'Easy, Breeze' summons the sentiment of lingering. It’s a languid plea for the elongating of a season, and nods to the inevitable shift of wind while being rooted in the present landscape. This song also has a good bit of flood imagery, which is directly related to the Great Flood of 2016 which affected nearly all of southeast Louisiana. 90% of our parish and surrounding parishes stayed underwater for nearly a week. Fortunately, we were spared major devastation; but in keeping with folk music tradition, the telling of the tale made its way into the folds of the verses.
We don’t have whippoorwills in the UK, what are they? And why are they name-checked in so many country/Americana songs?
Whippoorwills are small, chanting birds. They sing at night while all else is quiet in the woods…and seem almost contented in their loneliness. Maybe this is what appeals to the spirit of the troubadour?
Where did you record the album? And how would you describe that space?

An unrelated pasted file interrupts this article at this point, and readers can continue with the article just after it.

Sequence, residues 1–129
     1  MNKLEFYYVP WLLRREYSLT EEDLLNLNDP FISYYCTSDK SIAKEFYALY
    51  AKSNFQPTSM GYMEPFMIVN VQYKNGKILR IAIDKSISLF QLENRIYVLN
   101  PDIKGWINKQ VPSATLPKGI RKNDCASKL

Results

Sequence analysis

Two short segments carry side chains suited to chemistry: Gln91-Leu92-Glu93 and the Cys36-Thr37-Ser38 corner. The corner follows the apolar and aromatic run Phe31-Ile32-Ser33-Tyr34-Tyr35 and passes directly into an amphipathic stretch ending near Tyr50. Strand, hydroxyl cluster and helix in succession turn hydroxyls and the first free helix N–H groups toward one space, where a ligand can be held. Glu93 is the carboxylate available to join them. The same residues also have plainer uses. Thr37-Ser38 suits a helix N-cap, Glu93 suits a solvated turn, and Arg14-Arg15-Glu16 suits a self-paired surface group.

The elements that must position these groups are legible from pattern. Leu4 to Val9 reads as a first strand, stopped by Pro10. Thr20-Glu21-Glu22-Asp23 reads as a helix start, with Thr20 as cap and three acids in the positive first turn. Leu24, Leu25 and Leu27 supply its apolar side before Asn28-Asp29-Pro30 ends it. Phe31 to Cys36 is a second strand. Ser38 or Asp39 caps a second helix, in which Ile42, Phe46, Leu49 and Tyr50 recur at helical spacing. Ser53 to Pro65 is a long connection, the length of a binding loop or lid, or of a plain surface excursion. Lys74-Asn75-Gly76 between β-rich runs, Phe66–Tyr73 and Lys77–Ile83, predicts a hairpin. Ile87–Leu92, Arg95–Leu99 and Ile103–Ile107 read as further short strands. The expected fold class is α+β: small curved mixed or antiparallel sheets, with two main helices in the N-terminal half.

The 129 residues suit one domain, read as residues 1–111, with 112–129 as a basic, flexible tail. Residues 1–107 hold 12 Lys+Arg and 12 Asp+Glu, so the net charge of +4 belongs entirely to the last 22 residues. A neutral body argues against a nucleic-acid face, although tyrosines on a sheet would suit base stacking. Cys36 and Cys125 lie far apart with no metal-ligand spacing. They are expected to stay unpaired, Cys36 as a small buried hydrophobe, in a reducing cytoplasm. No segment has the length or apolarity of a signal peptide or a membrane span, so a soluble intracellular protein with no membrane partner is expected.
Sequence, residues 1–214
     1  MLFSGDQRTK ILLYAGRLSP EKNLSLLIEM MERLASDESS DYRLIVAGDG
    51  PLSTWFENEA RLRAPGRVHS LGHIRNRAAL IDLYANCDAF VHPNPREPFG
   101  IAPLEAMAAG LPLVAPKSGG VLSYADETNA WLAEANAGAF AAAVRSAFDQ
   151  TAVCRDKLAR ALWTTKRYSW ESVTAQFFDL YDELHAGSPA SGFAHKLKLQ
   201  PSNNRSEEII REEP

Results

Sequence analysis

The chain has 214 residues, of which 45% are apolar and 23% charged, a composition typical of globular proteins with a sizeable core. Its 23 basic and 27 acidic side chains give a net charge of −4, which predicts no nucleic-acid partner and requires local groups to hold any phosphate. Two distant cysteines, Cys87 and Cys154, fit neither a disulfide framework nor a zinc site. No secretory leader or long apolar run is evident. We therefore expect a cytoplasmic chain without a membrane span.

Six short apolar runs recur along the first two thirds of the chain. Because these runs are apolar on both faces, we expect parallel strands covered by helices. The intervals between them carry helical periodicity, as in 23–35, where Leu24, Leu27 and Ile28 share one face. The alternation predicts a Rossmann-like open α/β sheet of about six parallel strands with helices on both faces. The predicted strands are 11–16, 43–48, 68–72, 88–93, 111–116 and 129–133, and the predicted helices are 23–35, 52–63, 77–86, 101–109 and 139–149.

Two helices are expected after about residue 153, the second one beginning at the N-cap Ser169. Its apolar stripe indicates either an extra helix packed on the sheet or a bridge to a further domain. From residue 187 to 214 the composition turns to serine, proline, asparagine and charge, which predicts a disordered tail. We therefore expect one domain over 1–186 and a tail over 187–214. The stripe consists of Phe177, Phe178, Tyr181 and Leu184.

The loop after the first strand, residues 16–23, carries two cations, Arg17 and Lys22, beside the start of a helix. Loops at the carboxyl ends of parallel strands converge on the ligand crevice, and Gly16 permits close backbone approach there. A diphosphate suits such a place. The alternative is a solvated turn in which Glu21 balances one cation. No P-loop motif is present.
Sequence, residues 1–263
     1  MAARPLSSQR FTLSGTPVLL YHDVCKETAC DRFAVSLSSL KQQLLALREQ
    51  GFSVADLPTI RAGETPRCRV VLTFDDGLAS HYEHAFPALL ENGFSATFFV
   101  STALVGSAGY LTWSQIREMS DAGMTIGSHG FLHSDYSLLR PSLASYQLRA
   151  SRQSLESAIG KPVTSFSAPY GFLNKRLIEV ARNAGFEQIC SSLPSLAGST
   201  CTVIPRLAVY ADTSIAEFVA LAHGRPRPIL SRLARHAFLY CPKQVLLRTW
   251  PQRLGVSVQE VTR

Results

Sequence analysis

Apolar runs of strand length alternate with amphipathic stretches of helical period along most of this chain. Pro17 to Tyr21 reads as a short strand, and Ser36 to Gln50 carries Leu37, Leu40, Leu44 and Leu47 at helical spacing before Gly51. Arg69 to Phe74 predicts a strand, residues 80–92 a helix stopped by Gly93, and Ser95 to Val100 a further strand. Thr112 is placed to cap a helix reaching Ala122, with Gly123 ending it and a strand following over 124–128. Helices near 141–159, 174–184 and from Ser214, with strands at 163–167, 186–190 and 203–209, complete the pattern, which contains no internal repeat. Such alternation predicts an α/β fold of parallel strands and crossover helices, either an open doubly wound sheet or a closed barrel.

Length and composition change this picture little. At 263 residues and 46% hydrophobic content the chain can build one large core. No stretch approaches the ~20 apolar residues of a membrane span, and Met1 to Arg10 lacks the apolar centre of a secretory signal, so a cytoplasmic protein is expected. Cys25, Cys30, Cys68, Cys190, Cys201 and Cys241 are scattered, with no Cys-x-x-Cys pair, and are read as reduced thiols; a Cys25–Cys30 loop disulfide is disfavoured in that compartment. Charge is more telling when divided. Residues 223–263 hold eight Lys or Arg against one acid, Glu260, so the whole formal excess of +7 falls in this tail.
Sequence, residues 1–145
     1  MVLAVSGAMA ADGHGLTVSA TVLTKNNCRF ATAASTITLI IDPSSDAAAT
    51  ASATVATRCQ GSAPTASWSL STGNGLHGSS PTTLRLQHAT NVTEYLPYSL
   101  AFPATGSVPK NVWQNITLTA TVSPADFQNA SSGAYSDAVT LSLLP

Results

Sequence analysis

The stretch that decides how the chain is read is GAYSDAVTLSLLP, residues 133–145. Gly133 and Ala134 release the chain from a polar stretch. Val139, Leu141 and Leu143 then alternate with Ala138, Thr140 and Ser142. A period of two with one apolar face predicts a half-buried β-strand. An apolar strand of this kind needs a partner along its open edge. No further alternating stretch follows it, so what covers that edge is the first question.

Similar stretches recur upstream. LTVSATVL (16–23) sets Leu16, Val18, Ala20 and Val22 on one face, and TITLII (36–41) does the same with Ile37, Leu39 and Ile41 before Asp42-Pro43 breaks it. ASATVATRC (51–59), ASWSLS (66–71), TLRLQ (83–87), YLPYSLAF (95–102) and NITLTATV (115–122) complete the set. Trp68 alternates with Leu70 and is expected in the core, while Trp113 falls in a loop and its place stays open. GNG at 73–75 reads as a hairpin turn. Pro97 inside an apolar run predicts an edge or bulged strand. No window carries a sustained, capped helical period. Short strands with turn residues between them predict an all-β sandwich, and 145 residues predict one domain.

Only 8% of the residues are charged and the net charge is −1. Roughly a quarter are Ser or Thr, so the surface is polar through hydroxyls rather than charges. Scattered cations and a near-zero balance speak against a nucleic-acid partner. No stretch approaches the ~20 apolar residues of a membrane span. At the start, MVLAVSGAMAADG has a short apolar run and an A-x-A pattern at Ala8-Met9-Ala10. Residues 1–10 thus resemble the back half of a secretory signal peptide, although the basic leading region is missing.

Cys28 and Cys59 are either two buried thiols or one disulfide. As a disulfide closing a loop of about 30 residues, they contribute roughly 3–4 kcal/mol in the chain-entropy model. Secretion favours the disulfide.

We recorded vocal/guitar tracks for half of the tunes at Bakery Sound Studio in Nashville. Those were recorded live, with Clay and I sitting across from one another in mustard yellow retro armless chairs in a wide-open, sunlit room; an amber velvet lamp hanging just above us providing some warm light. All of the additional instrumentation and the remainder of the vocal/guitar tracks were recorded at Blue Velvet Studio in Baton Rouge, a space owned and operated by our good friend, Denton Hatcher. (We also recorded our EP from 2015 there as well.) The open room is a long, narrow and moody space. Floor-to-ceiling heavy blue velvet curtains adorn the walls of the tracking area, and a garage sale papier-mârché Elvis bust (complete with glasses) rests atop a well-enough-tuned upright piano.
What’s the one song on the album that you really want people to hear?
'Remember It All', I’d say. It acknowledges that while memories and past lives exist and inform the present day, the road ahead is unknown. It is simple, unguided chaos, and leaves opportunity for new life. This one came about shortly after 'Gallows Tree', and the two songs have always seemed to have a similar sentiment of forging ahead on one's own terms.
Obviously there’s a lot of talk about equality at the moment, what’s your experience of being treated differently as a woman in your industry?